Two Coming-of-Age Stories That Rock!

Here’s a bit I like:

“Mrs. Hurd sighed a mighty sigh. ‘Don’t be such a Christian.  You got whipped because you got only the first part right–when you’re fighting someone bigger than you are, you’ve got to break his nose first, and you did that just fine.  But then there’s the second part.  You have to figure he’s going to be mad, and so you have to hit him in the right eye to shut it.  After that you’re even.'”  (p. 55)

Lizzie Bright and the Buckminster Boy

Author:  Gary D. Schmidt

Minister’s son Turner Buckminster moves to town and doesn’t seem to fit in with the other kids, until he meets Lizzie.  The catch is that she’s black and he’s white and the whites of his town are trying to run off the black community to turn their land into a resort.  Turner and Lizzie find unusual allies and try to maintain a friendship against the odds.  Wow, can Gary Schmidt write or what???  This story lifted me up, it broke my heart, it made me want to run around my neighborhood handing out copies to children!  Schmidt manages to evoke so much emotion without actually writing in a sentimental way.  The dialogue and interaction between characters gives just enough, then leaves the reader to connect and infer richly.

This book is so well written, but I worry about getting my fifth grade readers to dig in.  Fifth grade readers workshop is a year of helping young readers learn to enjoy the longer pay-off over the instant gratification of the action-action-action novels that tend to be popular.  I’m not knocking those books, because I enjoy them myself, but part of reading development is learning to appreciate and then enjoy the slower build-up, because it often has a richer pay-off.  That’s why Lizzie Bright and the Buckminster Boy is a title that I think will be successful in a book club format, and is probably a great read aloud story, but would tend to collect dust if I just make it generally available in my classroom library.  Coming in at 5.9-ish for reading level, I’d recommend this to any middle school reading teacher in a heartbeat.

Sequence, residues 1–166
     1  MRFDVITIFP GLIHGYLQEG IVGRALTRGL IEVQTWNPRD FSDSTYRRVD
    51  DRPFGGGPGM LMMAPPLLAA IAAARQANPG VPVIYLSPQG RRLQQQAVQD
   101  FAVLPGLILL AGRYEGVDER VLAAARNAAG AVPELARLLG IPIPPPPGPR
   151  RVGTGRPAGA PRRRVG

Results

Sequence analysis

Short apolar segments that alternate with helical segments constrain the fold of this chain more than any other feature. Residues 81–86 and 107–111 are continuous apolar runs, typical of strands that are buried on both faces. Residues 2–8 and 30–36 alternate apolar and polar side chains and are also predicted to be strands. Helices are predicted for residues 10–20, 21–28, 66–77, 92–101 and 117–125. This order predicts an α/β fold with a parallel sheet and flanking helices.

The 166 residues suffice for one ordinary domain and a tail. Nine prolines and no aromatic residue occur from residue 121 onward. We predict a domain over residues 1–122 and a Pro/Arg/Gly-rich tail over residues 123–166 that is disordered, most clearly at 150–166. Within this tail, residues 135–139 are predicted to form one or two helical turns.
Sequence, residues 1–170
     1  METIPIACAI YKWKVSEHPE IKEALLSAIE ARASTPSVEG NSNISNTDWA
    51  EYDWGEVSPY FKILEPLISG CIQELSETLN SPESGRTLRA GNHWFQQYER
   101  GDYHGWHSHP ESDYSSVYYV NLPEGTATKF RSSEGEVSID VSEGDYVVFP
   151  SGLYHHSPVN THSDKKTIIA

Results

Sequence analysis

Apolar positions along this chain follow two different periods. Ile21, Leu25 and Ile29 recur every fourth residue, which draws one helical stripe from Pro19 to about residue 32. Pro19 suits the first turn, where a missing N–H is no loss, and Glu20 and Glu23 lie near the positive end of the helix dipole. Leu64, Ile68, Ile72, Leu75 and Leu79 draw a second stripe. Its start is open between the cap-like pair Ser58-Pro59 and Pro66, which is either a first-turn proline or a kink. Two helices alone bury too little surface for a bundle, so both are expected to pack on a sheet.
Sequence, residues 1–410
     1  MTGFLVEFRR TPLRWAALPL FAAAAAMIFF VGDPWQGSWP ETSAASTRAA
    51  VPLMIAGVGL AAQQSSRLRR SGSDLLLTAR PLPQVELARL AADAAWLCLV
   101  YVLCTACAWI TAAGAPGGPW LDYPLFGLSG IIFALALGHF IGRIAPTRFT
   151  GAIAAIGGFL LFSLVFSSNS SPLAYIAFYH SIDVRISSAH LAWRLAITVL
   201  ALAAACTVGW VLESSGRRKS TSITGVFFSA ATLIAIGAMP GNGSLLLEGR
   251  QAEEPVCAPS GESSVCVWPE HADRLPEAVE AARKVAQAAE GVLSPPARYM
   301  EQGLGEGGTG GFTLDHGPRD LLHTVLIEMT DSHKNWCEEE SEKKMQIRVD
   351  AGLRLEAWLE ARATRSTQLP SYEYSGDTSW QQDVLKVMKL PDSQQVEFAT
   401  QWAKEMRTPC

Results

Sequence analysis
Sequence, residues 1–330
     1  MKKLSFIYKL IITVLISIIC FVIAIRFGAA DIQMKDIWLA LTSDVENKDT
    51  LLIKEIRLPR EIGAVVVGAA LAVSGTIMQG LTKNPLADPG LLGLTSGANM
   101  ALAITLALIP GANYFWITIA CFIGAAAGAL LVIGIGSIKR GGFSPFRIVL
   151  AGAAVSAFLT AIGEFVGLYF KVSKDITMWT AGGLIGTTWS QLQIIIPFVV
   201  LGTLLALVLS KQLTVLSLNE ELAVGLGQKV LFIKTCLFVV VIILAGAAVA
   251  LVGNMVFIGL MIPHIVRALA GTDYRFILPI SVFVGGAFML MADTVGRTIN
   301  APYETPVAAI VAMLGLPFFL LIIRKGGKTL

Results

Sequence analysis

And another bit I like:

“At the sound of his cry, something stirred.  He froze.  ‘Torak?’  Renn’s voice sounded far away.  He didn’t dare call out.  Whatever had moved had gone still again:  but it was a horrible, waiting stillness.  It knew he was there.  The Watchers everywhere.  They see you, but you don’t see them.  Not till it’s too late.”  (p. 176)

Wolf Brother

Author:  Michelle Paver

The Chronicles of Ancient Darkness series had a devoted following of five or six readers last year in my classroom, and I was embarrassed that I hadn’t read any of the titles.  It starts out with a bang as Torak’s father dies from a strange bear attack, which sets Torak out on a quest to save his people.  Set in the Stone Age, Paver does a good job of making the details of the characters and setting feel authentic.  Lots of action, good versus evil, rite-of-passagey business–what’s not to like?  And with a reading level of 4.5-ish, this story is accessible to a lot of my readers.  Torak is supported in his quest by a young wolf and a girl named Renn, characters that serve to further broaden the appeal of this story for my students.  This is a book that really blends genres, with adventure, historical fiction, and fantasy combining smoothly.  I’m going to advocate more for this series with future classes for sure.

For Writers Workshop:  I didn’t have a specific idea until I looked at the excerpt I quoted.  Holy cow–colon usage!  I don’t see much of that in fifth grade reading material.  I also noticed Paver uses ellipses several times in the story.

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1 Comment (+add yours?)

  1. Cammie
    Sep 02, 2011 @ 14:08:37

    I loved Lizzie Bright, too. I also wrote almost the exact same concern in my summaries for myself; there’s no immediate hook. You have to actually read and fall into the setting and the hearts of the characters.

    Reply

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